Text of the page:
8 INTEL CONFIDENTIAL Generic Parallel Algorithms

9 Intel ® Software College Copyright © 2008, Intel Corporation. All rights reserved. Intel and the Intel logo are trademarks or registered trademarks of Intel Corporation or its subsidiaries in the United States or other countries. * Other brands and names are the property of their respective owners. 9 Generic Programming Best known example is C++ STL Enables distribution of broadly-useful high-quality algorithms and data structures Write best possible algorithm with fewest constraints Do not force particular data structure on user Classic example: STL std::sort Instantiate algorithm to specific situation C++ template instantiation, partial specialization, and inlining make resulting code efficient Standard Template Library, overall, is not thread-safe

10 Intel ® Software College Copyright © 2008, Intel Corporation. All rights reserved. Intel and the Intel logo are trademarks or registered trademarks of Intel Corporation or its subsidiaries in the United States or other countries. * Other brands and names are the property of their respective owners. 10 Generic Programming - Example The compiler creates the needed versions template T max (T x, T y) { if (x < y) return y; return x; } int main() { int i = max(20,5); double f = max(2.5, 5.2); MyClass m = max(MyClass(“foo”),MyClass(“bar”)); return 0; } T must define a copy constructor and a destructor T must define operator<

11 Intel ® Software College Copyright © 2008, Intel Corporation. All rights reserved. Intel and the Intel logo are trademarks or registered trademarks of Intel Corporation or its subsidiaries in the United States or other countries. * Other brands and names are the property of their respective owners. 11 Intel® Threading Building Blocks Patterns Task scheduler powers high level parallel patterns that are pre- packaged, tested, and tuned for scalability parallel_for: load-balanced parallel execution of loop iterations where iterations are independent parallel_reduce: load-balanced parallel execution of independent loop iterations that perform reduction (e.g. summation of array elements) parallel_while: load-balanced parallel execution of independent loop iterations with unknown or dynamically changing bounds (e.g. applying function to the element of linked list) parallel_scan: template function that computes parallel prefix pipeline: data-flow pipeline pattern parallel_sort: parallel sort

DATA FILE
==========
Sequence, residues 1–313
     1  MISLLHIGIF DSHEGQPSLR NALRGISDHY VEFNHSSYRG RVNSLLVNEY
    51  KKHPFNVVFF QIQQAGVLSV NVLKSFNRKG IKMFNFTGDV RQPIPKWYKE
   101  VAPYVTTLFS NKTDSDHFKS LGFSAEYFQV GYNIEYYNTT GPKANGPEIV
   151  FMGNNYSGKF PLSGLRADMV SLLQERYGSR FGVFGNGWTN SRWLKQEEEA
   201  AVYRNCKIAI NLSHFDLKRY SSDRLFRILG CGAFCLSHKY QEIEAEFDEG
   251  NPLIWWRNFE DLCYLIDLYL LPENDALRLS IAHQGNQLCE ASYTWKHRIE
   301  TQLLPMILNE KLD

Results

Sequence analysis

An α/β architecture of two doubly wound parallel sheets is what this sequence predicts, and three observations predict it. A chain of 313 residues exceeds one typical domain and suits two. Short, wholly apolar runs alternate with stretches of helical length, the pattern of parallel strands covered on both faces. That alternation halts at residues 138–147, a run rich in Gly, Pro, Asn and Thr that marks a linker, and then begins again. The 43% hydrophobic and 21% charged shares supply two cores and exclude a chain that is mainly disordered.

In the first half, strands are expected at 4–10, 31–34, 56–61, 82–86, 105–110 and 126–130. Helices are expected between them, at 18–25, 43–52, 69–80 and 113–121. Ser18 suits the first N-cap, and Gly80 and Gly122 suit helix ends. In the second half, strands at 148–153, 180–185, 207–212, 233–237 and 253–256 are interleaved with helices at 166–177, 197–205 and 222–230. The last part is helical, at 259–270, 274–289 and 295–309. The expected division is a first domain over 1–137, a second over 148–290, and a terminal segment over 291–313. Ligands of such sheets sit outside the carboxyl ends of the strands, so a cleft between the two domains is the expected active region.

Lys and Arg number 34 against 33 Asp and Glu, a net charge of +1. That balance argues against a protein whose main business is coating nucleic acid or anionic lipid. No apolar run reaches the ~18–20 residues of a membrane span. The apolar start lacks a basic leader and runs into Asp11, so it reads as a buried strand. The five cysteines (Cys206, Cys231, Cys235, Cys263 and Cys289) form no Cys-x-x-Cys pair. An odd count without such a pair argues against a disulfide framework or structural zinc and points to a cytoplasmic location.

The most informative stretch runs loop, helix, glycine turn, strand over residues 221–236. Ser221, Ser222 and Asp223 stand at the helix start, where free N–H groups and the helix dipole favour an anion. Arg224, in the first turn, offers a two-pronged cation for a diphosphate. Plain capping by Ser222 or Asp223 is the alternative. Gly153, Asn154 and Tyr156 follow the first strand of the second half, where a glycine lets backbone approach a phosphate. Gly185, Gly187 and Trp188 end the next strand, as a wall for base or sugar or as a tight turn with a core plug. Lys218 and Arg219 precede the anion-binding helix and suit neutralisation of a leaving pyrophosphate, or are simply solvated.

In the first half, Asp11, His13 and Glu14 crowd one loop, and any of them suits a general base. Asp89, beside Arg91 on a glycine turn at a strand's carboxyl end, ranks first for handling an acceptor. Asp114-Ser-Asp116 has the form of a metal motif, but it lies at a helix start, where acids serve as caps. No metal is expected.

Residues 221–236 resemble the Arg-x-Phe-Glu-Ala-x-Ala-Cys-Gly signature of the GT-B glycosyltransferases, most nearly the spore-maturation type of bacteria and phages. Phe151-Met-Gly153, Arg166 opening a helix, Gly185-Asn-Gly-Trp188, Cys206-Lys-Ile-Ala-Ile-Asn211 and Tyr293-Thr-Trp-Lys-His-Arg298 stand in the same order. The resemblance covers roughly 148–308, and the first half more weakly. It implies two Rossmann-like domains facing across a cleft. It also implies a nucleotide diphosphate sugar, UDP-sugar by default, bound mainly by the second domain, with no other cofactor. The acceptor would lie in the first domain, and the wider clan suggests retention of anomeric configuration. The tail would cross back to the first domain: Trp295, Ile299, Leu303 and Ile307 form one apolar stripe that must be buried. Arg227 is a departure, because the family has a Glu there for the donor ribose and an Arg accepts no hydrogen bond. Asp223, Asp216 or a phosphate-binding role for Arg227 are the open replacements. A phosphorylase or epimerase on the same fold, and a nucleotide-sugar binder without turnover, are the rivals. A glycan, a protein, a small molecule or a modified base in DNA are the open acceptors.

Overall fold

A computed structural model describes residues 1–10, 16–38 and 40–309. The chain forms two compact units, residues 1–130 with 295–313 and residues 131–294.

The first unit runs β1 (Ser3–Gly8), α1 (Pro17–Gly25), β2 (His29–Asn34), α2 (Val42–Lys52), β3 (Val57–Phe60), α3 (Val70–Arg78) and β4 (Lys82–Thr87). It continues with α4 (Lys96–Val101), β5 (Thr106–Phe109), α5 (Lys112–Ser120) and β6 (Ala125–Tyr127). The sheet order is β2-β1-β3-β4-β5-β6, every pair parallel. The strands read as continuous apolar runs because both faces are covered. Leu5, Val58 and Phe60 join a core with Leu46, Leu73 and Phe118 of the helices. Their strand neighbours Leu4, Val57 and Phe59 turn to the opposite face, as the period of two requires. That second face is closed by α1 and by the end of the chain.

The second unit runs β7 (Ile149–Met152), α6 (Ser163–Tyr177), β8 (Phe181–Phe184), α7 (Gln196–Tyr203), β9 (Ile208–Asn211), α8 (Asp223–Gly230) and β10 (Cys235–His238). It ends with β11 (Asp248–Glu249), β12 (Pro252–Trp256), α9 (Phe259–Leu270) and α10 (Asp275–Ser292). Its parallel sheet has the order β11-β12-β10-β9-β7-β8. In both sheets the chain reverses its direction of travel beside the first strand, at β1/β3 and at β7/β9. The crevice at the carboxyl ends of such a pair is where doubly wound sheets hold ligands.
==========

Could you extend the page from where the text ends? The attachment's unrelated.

12 Intel ® Software College Copyright © 2008, Intel Corporation. All rights reserved. Intel and the Intel logo are trademarks or registered trademarks of Intel Corporation or its subsidiaries in the United States or other countries. * Other brands and names are the property of their respective owners. 12 Grain Size OpenMP has similar parameter Part of parallel_for, not underlying task scheduler Grain size exists to amortize overhead, not balance load Units of granularity are loop iterations Typically only need to get it right within an order of magnitude

13 Intel ® Software College Copyright © 2008, Intel Corporation. All rights reserved. Intel and the Intel logo are trademarks or registered trademarks of Intel Corporation or its subsidiaries in the United States or other countries. * Other brands and names are the property of their respective owners. 13 Tuning Grain Size Tune by examining single-processor performance When in doubt, err on the side of making it a little too large, so that performance is not hurt when only one core is available. too fine  scheduling overhead dominates too coarse  lose potential parallelism